As ubiquitous as pizza is in America, it proved very hard to perfect as a field ration. Make the crust too dry, and you end up with hardtack; too moist, and it molders in the pouch. It took years to develop a spongy, stable bread with just the right amount of moisture, trapped with a blend of gums, oils, sugars and a touch of glycerol.

Adding cheese, sauce and meat brought a barrage of new problems. Moisture would migrate from one ingredient to another, drying out the sauce and turning the crust to mush. Oxygen hiding in the hole structure of the bread turned the cheese brown and the pepperoni rancid. (The same issues ultimately sank the directorate’s attempt to make an M.R.E. peanut butter and jelly sandwich.)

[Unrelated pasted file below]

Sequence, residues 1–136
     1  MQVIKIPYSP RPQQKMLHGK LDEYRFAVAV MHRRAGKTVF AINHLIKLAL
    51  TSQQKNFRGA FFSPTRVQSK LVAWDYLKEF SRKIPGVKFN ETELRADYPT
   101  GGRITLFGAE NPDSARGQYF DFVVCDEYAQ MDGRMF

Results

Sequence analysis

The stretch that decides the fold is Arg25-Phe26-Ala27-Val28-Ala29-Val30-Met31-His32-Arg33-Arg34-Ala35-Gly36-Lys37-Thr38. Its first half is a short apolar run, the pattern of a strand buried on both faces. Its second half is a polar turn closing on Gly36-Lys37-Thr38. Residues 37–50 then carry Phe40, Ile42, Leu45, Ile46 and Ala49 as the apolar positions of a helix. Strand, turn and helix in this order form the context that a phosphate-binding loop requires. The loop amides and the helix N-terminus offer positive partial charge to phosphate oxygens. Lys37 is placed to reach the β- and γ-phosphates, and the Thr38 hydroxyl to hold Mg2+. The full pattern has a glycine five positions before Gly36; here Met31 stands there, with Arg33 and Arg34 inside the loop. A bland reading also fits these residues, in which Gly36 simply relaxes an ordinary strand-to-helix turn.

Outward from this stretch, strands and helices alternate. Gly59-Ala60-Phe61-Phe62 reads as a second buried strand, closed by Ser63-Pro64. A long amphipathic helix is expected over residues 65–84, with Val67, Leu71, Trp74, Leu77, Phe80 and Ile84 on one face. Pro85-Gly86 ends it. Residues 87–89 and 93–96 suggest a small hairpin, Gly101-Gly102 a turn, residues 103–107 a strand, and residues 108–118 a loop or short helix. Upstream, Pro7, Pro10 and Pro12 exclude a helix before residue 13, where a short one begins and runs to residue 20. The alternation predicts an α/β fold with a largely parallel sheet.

The food scientists kept tweaking the pizza’s cheese, bread and sauce until they all had the same level of moisture and the same pH, so they would not interact and spoil. And to fight oxidation, the team added a small sachet of iron filings to the sealed pouch, which will bind any free oxygen.